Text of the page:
Africa Energy Indaba

Permit Set Aside – Mabola Coal Project in Mpumalanga

  • The Mabola Protected Environment was declared under the Protected Areas Act in 2014.
  • Former Mineral Resources Minister Zwane and the late Environmental Affairs Minister Molewa granted a permit in 2016 for the new coal mine to be developed – without due consultation.
  • The Court set aside the permission for the 15 year coal mine concession today and referred the decision back to the two Ministries for reconsideration.

Today, the North Gauteng High Court set aside the 2016 decisions of former Mineral Resources Minister Zwane and the late Environmental Affairs Minister Molewa to permit a new coal mine to be developed in the Mabola Protected Environment near Wakkerstroom, Mpumalanga.

The case was brought by the coalition of eight civil society organisations challenging a range of authorisations that have permitted an underground coal mine in a strategic water source area and a protected area.

The Mabola Protected Environment was declared under the Protected Areas Act in 2014 by the Mpumalanga provincial government as part of the declaration of more than 70 000 hectares of protected area in the Mpumalanga grasslands.

This followed years of extensive research and planning by a number of government agencies, including the Department of Environmental Affairs, the South African National Biodiversity Institute and the Mpumalanga Tourism & Parks Agency.

In 2016, without public consultation and without notice to the coalition, the two Ministers gave their permission for a large, 15-year coal mine to be built inside the Mabola Protected Environment.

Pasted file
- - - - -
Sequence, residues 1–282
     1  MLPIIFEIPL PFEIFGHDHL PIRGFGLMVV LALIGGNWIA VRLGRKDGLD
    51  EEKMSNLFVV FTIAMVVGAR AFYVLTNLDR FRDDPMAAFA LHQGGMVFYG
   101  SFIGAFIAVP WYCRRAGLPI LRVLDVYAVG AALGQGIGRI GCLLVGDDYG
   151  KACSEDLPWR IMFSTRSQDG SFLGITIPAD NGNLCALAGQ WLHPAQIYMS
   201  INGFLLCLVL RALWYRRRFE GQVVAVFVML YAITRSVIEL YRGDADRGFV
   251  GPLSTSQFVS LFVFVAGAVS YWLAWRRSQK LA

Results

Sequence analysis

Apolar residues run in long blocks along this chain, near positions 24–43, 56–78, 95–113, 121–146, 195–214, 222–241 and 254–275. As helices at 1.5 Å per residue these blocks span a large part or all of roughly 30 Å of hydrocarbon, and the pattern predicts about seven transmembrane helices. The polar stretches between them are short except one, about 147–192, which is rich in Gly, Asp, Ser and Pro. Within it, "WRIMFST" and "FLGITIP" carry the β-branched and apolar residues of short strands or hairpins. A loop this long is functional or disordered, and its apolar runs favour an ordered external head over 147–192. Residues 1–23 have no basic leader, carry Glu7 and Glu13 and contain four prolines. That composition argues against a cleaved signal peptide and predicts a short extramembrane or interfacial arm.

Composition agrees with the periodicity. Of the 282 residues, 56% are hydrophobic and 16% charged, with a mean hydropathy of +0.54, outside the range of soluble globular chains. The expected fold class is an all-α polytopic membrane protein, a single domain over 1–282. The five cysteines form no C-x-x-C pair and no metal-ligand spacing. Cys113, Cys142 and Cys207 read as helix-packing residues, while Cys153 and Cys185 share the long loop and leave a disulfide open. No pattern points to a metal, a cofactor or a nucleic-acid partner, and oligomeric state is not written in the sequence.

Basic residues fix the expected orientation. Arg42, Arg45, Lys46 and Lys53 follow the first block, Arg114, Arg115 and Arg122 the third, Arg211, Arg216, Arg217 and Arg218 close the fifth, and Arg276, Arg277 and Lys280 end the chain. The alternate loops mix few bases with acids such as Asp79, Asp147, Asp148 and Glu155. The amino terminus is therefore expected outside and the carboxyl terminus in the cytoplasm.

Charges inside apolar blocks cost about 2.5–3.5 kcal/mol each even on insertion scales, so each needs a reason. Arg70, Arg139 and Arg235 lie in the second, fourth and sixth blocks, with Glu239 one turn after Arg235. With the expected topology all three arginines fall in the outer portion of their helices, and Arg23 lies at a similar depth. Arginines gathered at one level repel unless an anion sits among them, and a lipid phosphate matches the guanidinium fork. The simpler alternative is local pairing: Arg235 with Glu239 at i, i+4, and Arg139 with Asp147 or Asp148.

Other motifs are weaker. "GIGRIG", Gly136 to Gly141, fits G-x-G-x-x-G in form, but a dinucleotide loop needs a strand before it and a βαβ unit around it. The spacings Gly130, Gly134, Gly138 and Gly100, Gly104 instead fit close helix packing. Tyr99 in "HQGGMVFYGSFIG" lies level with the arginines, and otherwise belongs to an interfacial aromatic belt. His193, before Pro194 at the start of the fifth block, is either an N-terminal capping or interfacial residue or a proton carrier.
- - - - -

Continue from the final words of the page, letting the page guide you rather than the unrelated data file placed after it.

The Court set aside the permission and referred the decision back to the two Ministers for reconsideration on the basis that the Ministers did not take their decisions in an open and transparent manner or in a manner that promoted public participation, and that the decisions were therefore procedurally unfair.

The court criticised the Ministers for relying on the processes followed by other decision-makers instead of exercising their discretion under the Protected Areas Act independently, referring particularly to their failure to apply a cautionary approach when dealing with “sensitive, vulnerable, highly dynamic or stressed ecosystems” as “an impermissible abdication of decision-making authority”.

The court also held that: “A failure to take South Africa’s international responsibilities relation to the environment into account and a failure to take into account that the use and exploitation of non-renewable natural resources must take place in a responsible and equitable manner would not satisfy the ‘higher level of scrutiny’ necessary when considering whether mining activities should be permitted in a protected environment or not. Such failures would constitute a failure by the state of its duties as trustees of vulnerable environment, particularly where it has been stated that ‘most people would agree, when thinking of the tomorrows of unborn people that is it a present moral duty to avoid causing harm to the environment” .

Author: Bryan Groenendaal

Source: Endangered Wildlife Trust

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